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Tiger Bone and Rhino Horn: The Destruction of Wildlife for Traditional Chinese Medicine Hardcover – 27 May 2005

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"What a ride! "Tiger Bone & Rhino Horn" takes you on a road trip through horror and sorrow but leaves you infused with hope. Richard Ellis delivers a heart-achingly accurate account of the recent history of tigers, rhinos, and bears, and explains how much of their fate along with the fates of other rare animals rests in the hands of the growing black market for medicine made from their parts. While Ellis spares nothing in this landmark account of the wildlife trade, he also guides us toward what must be done to curtail it."--Sy Montgomery "author of "Spell of the Tiger" and "Search for the Golden Moon Bear" ""

"A minutely researched, powerful, passionate and brave book. That we are driving other species to extinction because we compete with them for space, or eat them (as "bush meat") is bad enough, but that we kill endangered animals in vast numbers to provide "medicinals" of no therapeutic value is heartbreaking. Richard Ellis shows us what we must do to stop this needless destruction."--Oliver Sacks "M.D., author of "The Man Who Mistook His Wife for a Hat" and "An Anthropologist on Mars" "

"With its focus on staying healthy as opposed to treating illness, traditional Asian medicine is often hailed as a natural and friendly alternative to western therapies. In "Tiger Bone & Rhino Horn," Richard Ellis shows just how destructive and unsustainable many of these practices are."--Mark Norell "American Museum of Natural History, co-author of "Unearthing the Dragon" "

"To write a book such as "Tiger Bone & Rhino Horn" is a formidable undertaking. You must accumulate thousands of facts and spare no detail, no matter how terrible. It is always easier to write a piece of fluff and leave everybody smiling. But then, the horrors of poaching would continue unchallenged like as tent caterpillars consuming an apple orchard, our species mindlessly consumes the others of the earth. At present, the most significant hope for our planet may be knowledge, and Richard Ellis has done a heroic job in providing a large measure of that."--Elizabeth Marshall Thomas "author of "The Tribe of Tiger," "The Hidden Life of Dogs," and "Reindeer Moon" ""

About the Author

RICHARD ELLIS is the author of many books including The Empty Ocean (Island Press, 2003), see page 22, and No Turning Back (Harper Collins, 2004). Ellis is a research associate at the American Museum of Natural History, and a world-renowned artist.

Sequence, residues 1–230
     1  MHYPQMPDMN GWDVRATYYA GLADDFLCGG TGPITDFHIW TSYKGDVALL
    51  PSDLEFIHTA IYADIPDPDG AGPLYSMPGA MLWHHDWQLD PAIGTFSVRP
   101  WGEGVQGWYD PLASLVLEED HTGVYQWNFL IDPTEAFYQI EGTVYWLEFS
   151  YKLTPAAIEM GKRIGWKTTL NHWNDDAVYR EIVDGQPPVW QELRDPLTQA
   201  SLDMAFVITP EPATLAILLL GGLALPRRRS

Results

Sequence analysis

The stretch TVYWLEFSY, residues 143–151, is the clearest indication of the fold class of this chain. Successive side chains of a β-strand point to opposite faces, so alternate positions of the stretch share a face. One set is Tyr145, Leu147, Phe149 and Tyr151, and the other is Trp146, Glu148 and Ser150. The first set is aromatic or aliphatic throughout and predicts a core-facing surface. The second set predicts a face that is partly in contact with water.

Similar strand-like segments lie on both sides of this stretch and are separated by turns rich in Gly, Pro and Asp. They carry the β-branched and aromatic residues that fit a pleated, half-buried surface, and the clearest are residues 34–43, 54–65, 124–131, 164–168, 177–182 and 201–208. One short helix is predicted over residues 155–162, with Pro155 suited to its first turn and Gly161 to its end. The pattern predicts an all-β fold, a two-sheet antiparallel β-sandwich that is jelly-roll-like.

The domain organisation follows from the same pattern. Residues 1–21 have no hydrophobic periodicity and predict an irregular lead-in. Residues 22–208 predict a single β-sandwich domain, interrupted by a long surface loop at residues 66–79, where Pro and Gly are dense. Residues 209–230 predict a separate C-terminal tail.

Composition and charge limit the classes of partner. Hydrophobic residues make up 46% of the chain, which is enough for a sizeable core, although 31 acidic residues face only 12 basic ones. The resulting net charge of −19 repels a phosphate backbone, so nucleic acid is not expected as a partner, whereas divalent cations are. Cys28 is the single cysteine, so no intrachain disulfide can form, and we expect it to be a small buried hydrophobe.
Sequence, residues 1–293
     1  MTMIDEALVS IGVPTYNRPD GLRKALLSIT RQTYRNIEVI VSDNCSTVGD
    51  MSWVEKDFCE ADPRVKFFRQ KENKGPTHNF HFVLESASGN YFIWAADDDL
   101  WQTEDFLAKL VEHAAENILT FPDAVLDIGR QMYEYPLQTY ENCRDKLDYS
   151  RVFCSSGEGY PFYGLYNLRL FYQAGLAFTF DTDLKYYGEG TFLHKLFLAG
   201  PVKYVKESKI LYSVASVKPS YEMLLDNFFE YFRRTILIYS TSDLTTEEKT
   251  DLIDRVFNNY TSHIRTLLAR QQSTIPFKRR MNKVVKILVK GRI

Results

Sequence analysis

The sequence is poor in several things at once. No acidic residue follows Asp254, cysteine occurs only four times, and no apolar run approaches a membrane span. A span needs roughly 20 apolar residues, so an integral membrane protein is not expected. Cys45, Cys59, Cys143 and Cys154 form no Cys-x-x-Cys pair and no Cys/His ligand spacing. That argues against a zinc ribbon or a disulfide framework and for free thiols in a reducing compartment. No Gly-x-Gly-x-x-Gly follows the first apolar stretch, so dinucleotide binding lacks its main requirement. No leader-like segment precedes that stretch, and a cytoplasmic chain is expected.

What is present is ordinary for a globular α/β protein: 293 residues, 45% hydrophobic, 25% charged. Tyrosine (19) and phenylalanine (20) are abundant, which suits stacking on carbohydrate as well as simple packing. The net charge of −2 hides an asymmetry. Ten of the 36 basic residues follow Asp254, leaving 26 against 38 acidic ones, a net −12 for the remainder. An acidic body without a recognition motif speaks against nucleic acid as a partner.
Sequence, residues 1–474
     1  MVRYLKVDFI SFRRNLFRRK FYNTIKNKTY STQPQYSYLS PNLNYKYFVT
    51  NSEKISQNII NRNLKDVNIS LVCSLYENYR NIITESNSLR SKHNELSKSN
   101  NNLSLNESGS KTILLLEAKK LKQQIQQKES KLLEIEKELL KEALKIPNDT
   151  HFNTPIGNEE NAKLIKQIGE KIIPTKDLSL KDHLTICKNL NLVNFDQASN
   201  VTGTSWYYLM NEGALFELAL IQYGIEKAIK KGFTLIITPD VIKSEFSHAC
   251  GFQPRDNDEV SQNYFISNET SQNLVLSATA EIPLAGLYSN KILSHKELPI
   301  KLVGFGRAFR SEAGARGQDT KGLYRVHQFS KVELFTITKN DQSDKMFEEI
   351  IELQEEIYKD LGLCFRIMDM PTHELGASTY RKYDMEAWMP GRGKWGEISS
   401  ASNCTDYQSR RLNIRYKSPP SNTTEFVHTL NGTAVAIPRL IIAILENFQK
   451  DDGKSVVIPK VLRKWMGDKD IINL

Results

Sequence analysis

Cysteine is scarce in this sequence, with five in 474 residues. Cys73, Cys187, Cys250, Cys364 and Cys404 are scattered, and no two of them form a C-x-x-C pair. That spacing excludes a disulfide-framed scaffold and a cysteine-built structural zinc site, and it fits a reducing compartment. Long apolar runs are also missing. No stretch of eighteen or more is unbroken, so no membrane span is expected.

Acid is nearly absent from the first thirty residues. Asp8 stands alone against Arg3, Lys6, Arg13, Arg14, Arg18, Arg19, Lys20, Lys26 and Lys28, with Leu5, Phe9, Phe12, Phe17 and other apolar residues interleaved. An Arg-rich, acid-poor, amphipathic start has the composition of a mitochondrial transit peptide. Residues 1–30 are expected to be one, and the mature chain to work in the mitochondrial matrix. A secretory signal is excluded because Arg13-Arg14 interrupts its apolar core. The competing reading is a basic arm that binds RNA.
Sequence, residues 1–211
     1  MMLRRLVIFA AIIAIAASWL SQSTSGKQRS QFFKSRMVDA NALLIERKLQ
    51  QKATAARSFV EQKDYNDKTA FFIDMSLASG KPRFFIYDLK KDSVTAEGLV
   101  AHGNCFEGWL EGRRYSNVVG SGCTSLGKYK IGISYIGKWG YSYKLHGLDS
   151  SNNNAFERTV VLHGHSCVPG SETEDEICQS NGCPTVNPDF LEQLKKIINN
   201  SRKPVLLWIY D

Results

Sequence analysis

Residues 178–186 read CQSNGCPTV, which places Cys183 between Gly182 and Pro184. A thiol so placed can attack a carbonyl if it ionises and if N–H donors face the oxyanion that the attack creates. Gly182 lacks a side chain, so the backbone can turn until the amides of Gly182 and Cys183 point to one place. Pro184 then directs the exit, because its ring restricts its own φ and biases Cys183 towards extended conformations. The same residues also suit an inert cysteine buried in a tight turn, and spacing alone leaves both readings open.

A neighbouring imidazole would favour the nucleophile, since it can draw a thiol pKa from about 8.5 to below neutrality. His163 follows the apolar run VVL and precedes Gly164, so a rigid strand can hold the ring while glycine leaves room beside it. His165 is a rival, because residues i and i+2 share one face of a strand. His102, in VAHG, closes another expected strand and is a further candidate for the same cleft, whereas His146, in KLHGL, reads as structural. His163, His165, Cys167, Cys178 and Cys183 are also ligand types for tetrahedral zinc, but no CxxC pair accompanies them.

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Most Helpful Customer Reviews on (beta) (May include reviews from Early Reviewer Rewards Program) 3.2 out of 5 stars 3 reviews
5.0 out of 5 stars What's in your horn? 16 Feb. 2017
By Newton Ooi - Published on
Format: Hardcover Verified Purchase
Growing up in the Chinese culture, I was taught to be proud of everything in my culture and history. I was then and always have been... until I read this book. I have encountered the occasional rhino horn or tiger claw when visiting family and friends in East Asia, but the full impact of this "industry" only dawned on me after reading this book. The author, Richard Ellis, is a famed naturalist and author of books about our natural world, past and present. I have read other works by Dr. Ellis before, but this is the first that really brought home the impact that humans have on their surroundings.

Basically, the book examines the international trade in rare animal parts for medicinal purposes. These rare animals include various species of big cats, rhinos and other large mammals. The parts that are traded literally cover the entire animal, from the sexual organs to the bile, claws, horns, teeth, fur, eyes, etc. Though the book title specifies Chinese medicine, the destination for these animal parts also include Korea, Japan and other cultures around the Pacific Rim. The overall effect of this trade is the systematic destruction of several dozen species of mammals through illegal hunting, poisoning, and even the use of landmines! Poverty, or more specifically, income inequality drives the trade. The final destination of the animal parts are usually wealthy businessmen around the world. The suppliers are the poorest villagers in the Third World who do the hunting, trapping, and smuggling across borders.